ALBANY, N.Y. — The National Transportation Safety Board called today for new seat belt requirements for limousines following a crash in upstate New York that killed 20 people.

The board released safety recommendations almost a year after a Ford Excursion SUV that had been modified into a huge stretch limo blew through a T-intersection in rural Schoharie and went into the woods.

The crash near a popular country store on Oct. 6, 2018, killed the driver, 17 passengers on a birthday outing and two pedestrians.

The safety board recommended to the National Highway Traffic Safety Administration that lap and shoulder seat belts be required on all new vehicles modified to be used as limousines.

The agency also recommended that seating systems in these vehicles meet minimum performance standards to ensure their integrity during a crash.

The carnage in the Schoharie crash, the board wrote, “might have been mitigated by a combination of adequate seat integrity, well-designed passenger lap/shoulder belts and proper seat belt use.”

None of the 17 passengers appeared to have worn available seat belts at the time of the crash, the board said, and the belts were poorly designed and “would not have provided adequate protection.”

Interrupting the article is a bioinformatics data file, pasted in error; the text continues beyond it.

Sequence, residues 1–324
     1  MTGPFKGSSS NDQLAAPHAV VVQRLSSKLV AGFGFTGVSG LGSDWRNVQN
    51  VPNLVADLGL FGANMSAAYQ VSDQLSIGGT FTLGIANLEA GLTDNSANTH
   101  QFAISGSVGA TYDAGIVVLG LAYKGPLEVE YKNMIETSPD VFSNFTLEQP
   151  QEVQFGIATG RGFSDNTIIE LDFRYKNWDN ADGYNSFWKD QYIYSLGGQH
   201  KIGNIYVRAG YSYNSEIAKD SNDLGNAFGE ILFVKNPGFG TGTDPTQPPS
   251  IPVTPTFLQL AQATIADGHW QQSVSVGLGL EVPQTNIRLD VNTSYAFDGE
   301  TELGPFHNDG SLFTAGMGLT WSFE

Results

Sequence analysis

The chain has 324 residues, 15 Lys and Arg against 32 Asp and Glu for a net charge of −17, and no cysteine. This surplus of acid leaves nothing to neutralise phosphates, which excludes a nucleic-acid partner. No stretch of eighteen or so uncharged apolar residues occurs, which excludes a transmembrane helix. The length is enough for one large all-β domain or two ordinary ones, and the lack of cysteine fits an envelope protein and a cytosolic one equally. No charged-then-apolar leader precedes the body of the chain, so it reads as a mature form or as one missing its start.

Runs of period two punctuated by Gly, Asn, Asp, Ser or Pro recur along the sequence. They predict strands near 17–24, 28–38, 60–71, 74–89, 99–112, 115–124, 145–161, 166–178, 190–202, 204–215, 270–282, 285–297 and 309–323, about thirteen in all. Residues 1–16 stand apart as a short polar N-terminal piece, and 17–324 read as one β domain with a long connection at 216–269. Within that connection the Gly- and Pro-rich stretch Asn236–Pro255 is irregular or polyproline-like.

Prosecutors in New York allege the limo company’s operator, Nauman Hussain, allowed an improperly licensed driver to operate an “unserviceable” vehicle.

Just weeks before the crash, the limo had failed a state inspection that examined such things as the chassis, suspension and brakes.

Hussain has pleaded not guilty to criminally negligent homicide and his lawyer has said investigators rushed to judgment.

His trial is scheduled for January.

The national safety board had publicly complained previously that law enforcement officials had delayed the agency from doing a full inspection of the wrecked limo.

As a result, the inspection put off potentially crucial safety recommendations from the agency.